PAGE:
02 14, 2023

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By Maddie Lee

Maddie Lee is a Policy Analyst at Enel North America. She is educating Enel’s various businesses about the opportunities created by the Inflation Reduction Act and the Infrastructure Investment and Jobs Act, across a wide range of technologies including renewable energy, green hydrogen, and EV charging infrastructure.


The Inflation Reduction Act of 2022 directs $370 billion toward incentivizing the implementation of clean energy technologies to reduce carbon emissions. And this money is not just for corporations and government entities – the Inflation Reduction Act also contains incentives for individual households (also, multi-family or rental housing building owners, thereafter termed “consumers”). For corporations, this means your employees and your contractors. For cities and municipalities, this means your residents and your constituents. Whether these end-use consumers are looking to make their homes more energy efficient, upgrade to a new HVAC system, harvest renewable energy by installing a rooftop solar photovoltaic (PV) system, or replace their gasoline car with an electric vehicle, there are various federal tax credits and rebates they can leverage. 

In this guide, we mainly focus on how you, as a consumer, can start planning now to save money via home energy rebates in the future. While the cashback rebates are not yet available (as of February 2023), the federal government will be working with the states and tribes over the next few months on the best way to roll out these rebates to consumers. We recommend that you start familiarizing yourself with the program eligibility and requirements now, so that you can take advantage of these opportunities as soon as the final guidance is issued. In the meantime, you can already get a head start on clean energy purchases (like solar PV panels, electric vehicles, and electric vehicle chargers), whose benefits are disbursed through tax credits that you can claim on your future tax return(s).

Energy efficiency and HVAC equipment upgrades

Energy efficiency is a demand-side strategy to reduce your overall energy consumption. By investing in energy efficiency retrofits like lighting and insulation upgrades, or new, more efficient equipment, consumers can reduce the overall amount of energy they use while experiencing the same performance and level of comfort as before. 

Previously, Section 25C of the Internal Revenue Code, which covers energy efficiency home improvement tax credits, had a lifetime cap of $500 per taxpayer. The Inflation Reduction Act increases the existing 10% tax credit to 30% for qualifying home energy efficiency goods, while also increasing the annual cap to $1,200 per taxpayer. To make the most use of these incentives, here are some examples of energy efficiency goods:

  • Home energy audit: A recommended first step is to hire an energy expert to assess your home’s energy efficiency performance and recommend a plan for energy efficiency and HVAC improvements. This assessment can help determine the best use of the available tax credits, rebates, and, more importantly, your budget. Assuming a $600 home energy audit, a 30% tax credit means $150 back in your pocket.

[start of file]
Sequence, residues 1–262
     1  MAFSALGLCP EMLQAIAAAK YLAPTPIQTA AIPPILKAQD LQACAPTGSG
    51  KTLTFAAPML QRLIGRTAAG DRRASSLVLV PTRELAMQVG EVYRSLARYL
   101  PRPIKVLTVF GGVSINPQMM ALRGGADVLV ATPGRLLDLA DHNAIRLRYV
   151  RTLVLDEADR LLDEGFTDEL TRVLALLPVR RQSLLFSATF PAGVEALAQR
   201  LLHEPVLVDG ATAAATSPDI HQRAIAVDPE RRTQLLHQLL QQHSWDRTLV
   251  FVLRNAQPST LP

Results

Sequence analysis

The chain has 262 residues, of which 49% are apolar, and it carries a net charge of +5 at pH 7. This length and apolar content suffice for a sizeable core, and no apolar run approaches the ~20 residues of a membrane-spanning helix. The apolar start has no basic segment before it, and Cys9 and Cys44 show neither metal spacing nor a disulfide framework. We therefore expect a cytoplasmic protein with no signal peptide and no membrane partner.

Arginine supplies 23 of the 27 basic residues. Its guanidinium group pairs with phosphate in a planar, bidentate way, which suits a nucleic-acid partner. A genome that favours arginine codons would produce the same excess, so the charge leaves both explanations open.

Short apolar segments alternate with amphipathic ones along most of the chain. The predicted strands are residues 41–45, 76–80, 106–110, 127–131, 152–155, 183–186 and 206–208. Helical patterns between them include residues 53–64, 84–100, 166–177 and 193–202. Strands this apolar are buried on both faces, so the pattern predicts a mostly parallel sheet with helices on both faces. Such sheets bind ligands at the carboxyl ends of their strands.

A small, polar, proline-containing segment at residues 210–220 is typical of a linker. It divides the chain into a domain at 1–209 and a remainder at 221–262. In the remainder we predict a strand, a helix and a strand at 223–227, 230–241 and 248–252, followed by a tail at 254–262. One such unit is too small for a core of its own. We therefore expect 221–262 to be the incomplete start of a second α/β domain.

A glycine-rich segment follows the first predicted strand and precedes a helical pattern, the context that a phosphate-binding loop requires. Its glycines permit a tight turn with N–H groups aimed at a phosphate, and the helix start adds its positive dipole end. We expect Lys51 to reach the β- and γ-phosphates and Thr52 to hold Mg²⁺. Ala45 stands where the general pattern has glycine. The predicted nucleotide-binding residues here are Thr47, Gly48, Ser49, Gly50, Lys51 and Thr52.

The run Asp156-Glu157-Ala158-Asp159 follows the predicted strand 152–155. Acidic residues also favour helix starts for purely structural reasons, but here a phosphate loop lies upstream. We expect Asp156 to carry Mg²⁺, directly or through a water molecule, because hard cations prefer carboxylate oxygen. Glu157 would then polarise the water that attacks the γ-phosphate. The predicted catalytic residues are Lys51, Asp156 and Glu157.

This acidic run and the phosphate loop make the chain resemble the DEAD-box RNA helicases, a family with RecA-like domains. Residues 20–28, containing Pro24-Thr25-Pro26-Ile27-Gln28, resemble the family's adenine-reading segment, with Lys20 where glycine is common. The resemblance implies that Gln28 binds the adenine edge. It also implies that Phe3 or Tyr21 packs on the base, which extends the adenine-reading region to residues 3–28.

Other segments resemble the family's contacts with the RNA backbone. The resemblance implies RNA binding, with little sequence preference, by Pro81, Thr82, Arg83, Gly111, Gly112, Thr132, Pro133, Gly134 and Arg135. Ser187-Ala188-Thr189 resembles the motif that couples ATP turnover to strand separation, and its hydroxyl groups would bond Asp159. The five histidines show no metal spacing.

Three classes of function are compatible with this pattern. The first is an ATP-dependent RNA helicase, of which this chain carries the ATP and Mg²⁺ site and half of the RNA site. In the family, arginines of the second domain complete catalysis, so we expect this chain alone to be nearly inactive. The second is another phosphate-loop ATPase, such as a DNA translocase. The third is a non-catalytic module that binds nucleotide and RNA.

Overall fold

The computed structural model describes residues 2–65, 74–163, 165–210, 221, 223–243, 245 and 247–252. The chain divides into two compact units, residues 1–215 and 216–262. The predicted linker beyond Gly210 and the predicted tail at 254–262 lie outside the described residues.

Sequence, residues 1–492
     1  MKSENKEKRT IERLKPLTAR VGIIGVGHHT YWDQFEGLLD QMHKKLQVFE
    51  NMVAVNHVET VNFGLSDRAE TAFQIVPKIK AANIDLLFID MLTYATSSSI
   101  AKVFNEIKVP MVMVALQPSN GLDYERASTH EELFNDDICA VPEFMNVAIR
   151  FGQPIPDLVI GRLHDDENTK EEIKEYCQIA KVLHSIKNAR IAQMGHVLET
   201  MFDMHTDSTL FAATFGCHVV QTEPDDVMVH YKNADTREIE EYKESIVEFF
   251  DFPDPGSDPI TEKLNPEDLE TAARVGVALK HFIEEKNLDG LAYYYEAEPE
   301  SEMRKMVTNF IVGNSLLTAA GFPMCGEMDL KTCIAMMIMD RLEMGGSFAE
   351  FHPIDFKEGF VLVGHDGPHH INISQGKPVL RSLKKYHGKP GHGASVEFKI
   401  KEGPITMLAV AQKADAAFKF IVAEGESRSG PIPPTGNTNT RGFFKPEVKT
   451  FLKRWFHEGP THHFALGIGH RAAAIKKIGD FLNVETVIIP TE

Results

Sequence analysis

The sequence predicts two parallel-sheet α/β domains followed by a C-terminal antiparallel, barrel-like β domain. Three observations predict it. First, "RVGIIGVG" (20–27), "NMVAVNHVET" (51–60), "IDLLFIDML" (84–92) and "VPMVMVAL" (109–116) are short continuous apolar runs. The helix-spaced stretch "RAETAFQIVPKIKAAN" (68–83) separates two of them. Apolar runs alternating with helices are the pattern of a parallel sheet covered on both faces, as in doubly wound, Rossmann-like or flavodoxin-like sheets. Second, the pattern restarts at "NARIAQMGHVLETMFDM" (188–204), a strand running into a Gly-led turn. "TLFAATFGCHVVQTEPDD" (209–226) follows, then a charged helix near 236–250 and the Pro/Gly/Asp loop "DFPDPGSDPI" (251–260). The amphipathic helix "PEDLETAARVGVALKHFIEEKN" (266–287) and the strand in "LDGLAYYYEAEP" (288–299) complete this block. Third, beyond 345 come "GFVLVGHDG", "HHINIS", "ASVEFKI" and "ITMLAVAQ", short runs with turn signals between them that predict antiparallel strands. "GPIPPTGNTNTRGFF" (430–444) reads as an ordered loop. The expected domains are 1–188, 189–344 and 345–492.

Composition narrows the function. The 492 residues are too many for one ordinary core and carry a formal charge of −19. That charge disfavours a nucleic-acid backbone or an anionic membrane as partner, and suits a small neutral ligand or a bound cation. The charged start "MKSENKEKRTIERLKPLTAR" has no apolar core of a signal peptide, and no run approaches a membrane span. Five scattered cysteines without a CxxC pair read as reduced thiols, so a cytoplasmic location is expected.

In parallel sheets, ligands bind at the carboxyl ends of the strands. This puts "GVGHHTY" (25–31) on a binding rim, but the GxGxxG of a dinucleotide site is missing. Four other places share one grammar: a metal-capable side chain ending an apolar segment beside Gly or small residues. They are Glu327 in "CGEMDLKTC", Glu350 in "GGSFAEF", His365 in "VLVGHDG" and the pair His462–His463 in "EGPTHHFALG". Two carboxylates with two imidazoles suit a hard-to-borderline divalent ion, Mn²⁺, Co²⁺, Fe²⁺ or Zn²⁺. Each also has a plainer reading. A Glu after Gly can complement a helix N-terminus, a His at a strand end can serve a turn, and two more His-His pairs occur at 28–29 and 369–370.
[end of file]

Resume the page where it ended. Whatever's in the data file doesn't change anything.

• Energy efficiency upgrades: Make your home more energy efficient. Eligible weatherization projects include installing better insulation materials, air sealing, ventilation improvements, upgraded windows (including skylights), and exterior doors. There’s a 30% tax credit for up to $250 per door (for a maximum of $500) and up to $600 for window upgrades. You might also need to upgrade your home’s electrical panel – sometimes called a breaker box, after buying a more efficient appliance or EV charger. If you do, there’s a 30% tax credit (capped at $600) for that too. While installing an upgraded electrical panel won’t save you money directly, it will enable you to make other purchases that will, like installing a heat pump or an electric vehicle charger.
  • HVAC upgrades: Another way to reduce your overall energy usage is to upgrade your heating and cooling equipment. Eligible products include central air conditioners, water heaters and boilers, heat pumps and heat pump water heaters, biomass stoves, and geothermal heating or solar water heating equipment. More traditional HVAC systems like air conditioners and water heaters/boilers have a cap of $600, while heat pumps and biomass stoves have a higher cap of $2,000. 

Electric heat pumps, which heat homes and water far more efficiently than fossil-fuel appliances or older electric resistance machines, appear to be the best bang for your buck because they have a higher cap at $2,000. In other words, with everything else the same, Consumer A who opts for a $8,000+ heat pump will save more than Consumer B who opts for a more efficient $8,000+ central air conditioning system. This can be seen in the illustrative example below. 


Table showing clean energy tax credits for consumers

Ok, so what exactly is a heat pump?

And how does a heat pump differ from a traditional HVAC system? A heat pump can be used to replace both your traditional air conditioner and home heating system (like a boiler or furnace). Heat pumps use electricity to transfer heat from a cool space to a warm space (like an air conditioner), and from a warm space to a cold space (like a heating system). In the warmer months, a heat pump pulls heat from the inside of your home and pushes it outside. In the colder months, it does the opposite, collecting heat from the outdoor air and pulling it indoors. Because heat pumps transfer heat rather than generate it, they require less energy to operate than a traditional HVAC system (about 3-5 times more efficient than traditional fossil fuel heating systems). This increased efficiency translates into hundreds of dollars per year in savings.